ABEL ROBINSON, farmer, Section 32, P. O. Pardee, is a native of England, and was born in Olney, Buckinghamshire, February 12, 1826. He was the youngest of nine children of Samuel and Martha (Dewey) Robinson. Was reared, educated and learned the book-binder's trade in his native country. In 1848, came to America, locating in New Jersey, where he worked at his trade for a time, and for nine years was clerk in a book and stationery house. His employer eventually came West, locating in Davenport, Iowa, where Mr. R. was in his employ for a few years, and then turned his attention to farming, locating in Fulton County, Illinois. Here he resided until the spring of 1865, when he emigrated to Kansas, locating in Atchison County on present farm. He has been twice married; first in 1850, to Miss Matilda Townsend, whose death occurred in Davenport, Iowa. Had four children, one of whom is living - Martha. In 1856, Miss Leah Davison became his wife. They have had eight children, six of whom are living - Louisa, Priscilla, Arabella, Jabez E., Alberti and Zillah. Lost, two - Cornelia and Charles Walter. The former's death resulted from a snake bite, and the latter was killed by lightning. The family is identified with those of the Abrahamic faith who look for a literal fulfillment of the promises.

HENRY SHELL, farmer, Section 36, P. O. Monrovia. One of the first settlers of Atchison County is Mr. Henry Shells. He is a native of Indiana, and was born in Bartholomew County, October 9, 1824. Was reared, educated and followed agricultural pursuits in his native State until he attained his majority. he then went to Missouri, locating in Platte County, where he followed his adopted profession until 1857, when he became a resident of Kansas, taking up his abode in Center Township. He was one of the first farm openers in his vicinity, and passed through all the trying ordeals which the early Kansans had to contend with. There are but few citizens in the county that are more popular than Mr. Shell. He was married in Missouri, to Miss Sarah T. Nuzum. They have eight children - Emma, Tolbet B., Hannah E., Leah Lusetta, Thulas F., Henry L., Mattie and Annie E.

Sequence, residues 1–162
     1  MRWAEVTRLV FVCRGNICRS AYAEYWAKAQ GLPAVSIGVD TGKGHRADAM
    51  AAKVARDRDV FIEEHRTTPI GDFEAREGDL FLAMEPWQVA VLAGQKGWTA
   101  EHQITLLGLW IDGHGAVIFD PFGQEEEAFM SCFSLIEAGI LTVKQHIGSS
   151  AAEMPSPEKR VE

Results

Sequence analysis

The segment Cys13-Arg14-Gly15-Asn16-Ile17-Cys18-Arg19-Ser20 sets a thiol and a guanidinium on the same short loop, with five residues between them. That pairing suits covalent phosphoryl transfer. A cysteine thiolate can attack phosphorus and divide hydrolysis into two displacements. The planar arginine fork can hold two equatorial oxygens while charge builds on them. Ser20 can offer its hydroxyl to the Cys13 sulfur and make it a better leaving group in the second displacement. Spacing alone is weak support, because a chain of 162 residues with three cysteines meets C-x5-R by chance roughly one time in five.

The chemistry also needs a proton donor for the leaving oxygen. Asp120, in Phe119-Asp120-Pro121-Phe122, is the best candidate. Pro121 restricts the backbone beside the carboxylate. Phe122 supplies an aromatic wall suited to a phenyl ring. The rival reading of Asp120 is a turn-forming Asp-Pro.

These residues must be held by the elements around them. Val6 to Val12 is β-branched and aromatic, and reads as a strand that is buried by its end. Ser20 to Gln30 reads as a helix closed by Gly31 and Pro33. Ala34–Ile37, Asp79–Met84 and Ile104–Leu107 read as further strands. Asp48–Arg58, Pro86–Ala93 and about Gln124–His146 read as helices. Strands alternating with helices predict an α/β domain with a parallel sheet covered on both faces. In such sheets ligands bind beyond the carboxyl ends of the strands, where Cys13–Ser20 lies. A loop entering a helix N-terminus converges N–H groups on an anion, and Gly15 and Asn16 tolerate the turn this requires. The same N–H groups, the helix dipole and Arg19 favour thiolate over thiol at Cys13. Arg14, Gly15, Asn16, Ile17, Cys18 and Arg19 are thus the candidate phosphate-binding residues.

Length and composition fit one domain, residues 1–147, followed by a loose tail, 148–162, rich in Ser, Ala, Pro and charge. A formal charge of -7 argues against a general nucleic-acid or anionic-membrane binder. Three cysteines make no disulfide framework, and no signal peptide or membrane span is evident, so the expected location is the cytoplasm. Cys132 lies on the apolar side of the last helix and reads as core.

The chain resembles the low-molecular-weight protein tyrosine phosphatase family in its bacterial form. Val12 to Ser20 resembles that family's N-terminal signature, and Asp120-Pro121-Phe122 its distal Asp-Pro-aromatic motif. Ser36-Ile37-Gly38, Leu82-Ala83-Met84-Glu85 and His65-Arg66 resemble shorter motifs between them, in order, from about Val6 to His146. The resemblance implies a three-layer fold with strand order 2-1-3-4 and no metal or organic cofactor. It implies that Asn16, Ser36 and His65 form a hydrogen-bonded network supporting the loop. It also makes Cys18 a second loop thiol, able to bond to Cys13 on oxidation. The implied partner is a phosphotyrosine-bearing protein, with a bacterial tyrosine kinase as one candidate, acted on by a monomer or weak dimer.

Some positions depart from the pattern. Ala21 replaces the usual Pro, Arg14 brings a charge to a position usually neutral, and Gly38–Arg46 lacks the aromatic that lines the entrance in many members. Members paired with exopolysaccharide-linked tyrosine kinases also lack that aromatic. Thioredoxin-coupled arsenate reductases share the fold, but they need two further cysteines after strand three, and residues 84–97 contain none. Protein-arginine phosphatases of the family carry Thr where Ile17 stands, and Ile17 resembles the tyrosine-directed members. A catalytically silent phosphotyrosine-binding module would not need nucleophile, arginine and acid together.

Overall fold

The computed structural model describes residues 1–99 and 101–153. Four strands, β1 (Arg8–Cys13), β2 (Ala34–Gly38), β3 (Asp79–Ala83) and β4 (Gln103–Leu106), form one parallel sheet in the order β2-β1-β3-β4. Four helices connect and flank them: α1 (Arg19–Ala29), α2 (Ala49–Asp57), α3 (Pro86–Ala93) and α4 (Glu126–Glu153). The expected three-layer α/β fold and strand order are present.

JOSEPH F. STILLMAN, farmer, Section 8, P. O. Nortonville. This able agriculturist is a native of Rhode Island, and was born March 16, 1831; was reared and educated in his native State and resided in the eastern country until 1870, when he came to Kansas. He embarked in farming in Riley County, continuing four years, when he came to Atchison County, locating where he now resides. Mr. Stillman is a genial and popular gentleman and one of Center Township's most progressive citizens. He was married in 1866, to Miss Ada C. Burdick. They have four children - Edwin L., Phebe, Benjamin and Maggie. Mr. S. and his family are members of the Seventh Day Baptist Society.